By Lloyd Gumbo
Zimbabwe Revenue Authority (Zimra) has intercepted four tankers carrying over 140 000 litres of diesel that was purportedly in transit to the Democratic Republic of Congo but illegally offloaded in Chitungwiza and replaced with an equal quantity of water.
The smugglers prejudiced Zimra of $55 650 in excise duty.
The tankers then proceeded to Chirundu Border Post where they were intercepted after the revenue collector, through its electronic cargo tracking system, picked a suspicious detour.
Fears abound that such fraud had been going on for some time.
Zimra board secretary and director for legal and corporate services Ms Florence Jambwa confirmed that the four trucks had been intercepted and impounded.
“I can confirm that on 30 January 2017, the electronic cargo tracking system enabled Zimra to identify, through the geo-fencing alarm system, use of unauthorised transit route by tankers carrying diesel purportedly destined for the Democratic Republic of Congo,” said Ms Jambwa in e-mailed responses to The Herald.
“The Zimra Reaction Team promptly attended to the case and the tankers were tracked and, upon arrival at Chirundu One Stop Border Post, verifications revealed that the tankers were carrying water instead of diesel as per the Customs clearance documents.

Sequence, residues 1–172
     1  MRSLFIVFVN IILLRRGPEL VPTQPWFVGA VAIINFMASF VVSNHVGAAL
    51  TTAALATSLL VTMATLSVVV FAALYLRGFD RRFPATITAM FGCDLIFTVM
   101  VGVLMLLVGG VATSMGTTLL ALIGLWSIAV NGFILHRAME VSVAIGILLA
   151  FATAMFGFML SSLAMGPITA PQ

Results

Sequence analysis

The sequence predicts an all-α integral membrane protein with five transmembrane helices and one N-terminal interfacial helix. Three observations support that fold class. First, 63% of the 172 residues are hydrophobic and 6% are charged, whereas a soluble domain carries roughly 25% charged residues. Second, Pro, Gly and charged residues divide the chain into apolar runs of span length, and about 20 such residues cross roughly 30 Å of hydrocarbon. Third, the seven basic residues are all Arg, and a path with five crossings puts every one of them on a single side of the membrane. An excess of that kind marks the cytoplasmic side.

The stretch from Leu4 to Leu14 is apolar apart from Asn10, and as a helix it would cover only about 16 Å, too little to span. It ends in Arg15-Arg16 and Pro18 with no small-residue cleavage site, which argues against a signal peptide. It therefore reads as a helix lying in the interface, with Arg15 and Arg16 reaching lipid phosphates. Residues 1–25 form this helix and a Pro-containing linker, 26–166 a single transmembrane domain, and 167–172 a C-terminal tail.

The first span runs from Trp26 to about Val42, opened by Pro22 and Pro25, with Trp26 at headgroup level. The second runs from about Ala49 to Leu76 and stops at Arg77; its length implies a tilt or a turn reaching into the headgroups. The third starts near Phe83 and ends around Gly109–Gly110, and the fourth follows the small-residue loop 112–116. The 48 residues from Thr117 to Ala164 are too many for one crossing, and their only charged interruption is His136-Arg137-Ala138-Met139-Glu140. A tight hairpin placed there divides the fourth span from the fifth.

“The tankers have been seized by Zimra and the case will be dealt with in accordance with the provisions of the Customs and Excise Act [Chapter 23:02].”
Concerns have been raised before that cargo that is purportedly in transit is being offloaded in the country.
As a result, the country has been losing millions of dollars in revenue collections.
But Ms Jambwa said the new electronic cargo tracking system that was installed on January 1, 2017 had proved useful as the revenue collector was now able to detect such misdemeanours.
“The electronic cargo tracking system, which the Zimbabwe Revenue Authority rolled out early this year to curb transit fraud, has started to pay dividends due to its capability to identify diversion of route, tampering with seals and pin-pointing exact locations of transit cargo throughout the trip from entry point to port of exit.
“These capabilities are making it increasingly difficult for cargo to be illegally offloaded in Zimbabwe when it is declared as in transit to other countries.
“The tracking system is also complementing Zimra’s risk profiling and anti-smuggling strategies currently in place, such as use of non-intrusive scanners, the canine unit, and escorting of high risk cargo,” said Ms Jambwa. The Herald